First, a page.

In the early 1950s astronomer Walter Baade's observations led to a "doubling" of the size of the universe (by recalibrating the distances to objects). Below is a scan (alas, with smudges)of one of the press photos put out for this story in 1953. The photo, taken with the 200-inch Hale Telescope, of globular star cluster M13 (aka NGC 6205).
Here is the caption from the photo:
Globular Star Cluster in the constellation of Hercules. (200-inch Photo)
This was one of the globular clusters studied in the research of Dr. Walter Baade aimed at checking the astronomical distance scale, which he found need an upward revision by a factor of about two. This cluster is known as Messier 13 and is a vast collection of stars. Dr. Baade is a staff member of the Mount Wilson and Palomar Observatories, which are jointly operated by the Carnegie Institution of Washington and the California Institute of Technology.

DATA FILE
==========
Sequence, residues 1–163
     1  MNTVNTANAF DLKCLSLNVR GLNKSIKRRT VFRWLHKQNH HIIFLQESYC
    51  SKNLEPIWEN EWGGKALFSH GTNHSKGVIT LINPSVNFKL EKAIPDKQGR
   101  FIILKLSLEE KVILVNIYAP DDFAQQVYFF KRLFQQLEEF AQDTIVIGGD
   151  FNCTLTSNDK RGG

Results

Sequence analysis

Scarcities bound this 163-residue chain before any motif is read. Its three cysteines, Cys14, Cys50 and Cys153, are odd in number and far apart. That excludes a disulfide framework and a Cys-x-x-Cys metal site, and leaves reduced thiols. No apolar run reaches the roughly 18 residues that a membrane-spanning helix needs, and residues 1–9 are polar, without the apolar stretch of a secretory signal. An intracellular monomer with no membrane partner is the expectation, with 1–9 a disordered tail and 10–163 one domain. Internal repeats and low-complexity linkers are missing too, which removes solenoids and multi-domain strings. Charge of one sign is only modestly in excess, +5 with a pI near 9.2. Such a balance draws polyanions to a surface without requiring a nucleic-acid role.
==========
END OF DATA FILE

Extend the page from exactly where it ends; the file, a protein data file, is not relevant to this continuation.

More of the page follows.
Mt. Wilson and Palomar Observatories are no longer "married" as they were back in the day. The divorce took place in 1979. M13 however is still there and is a fine object to view through any telescope (especially with skies that do not suffer light pollution) on summer evenings.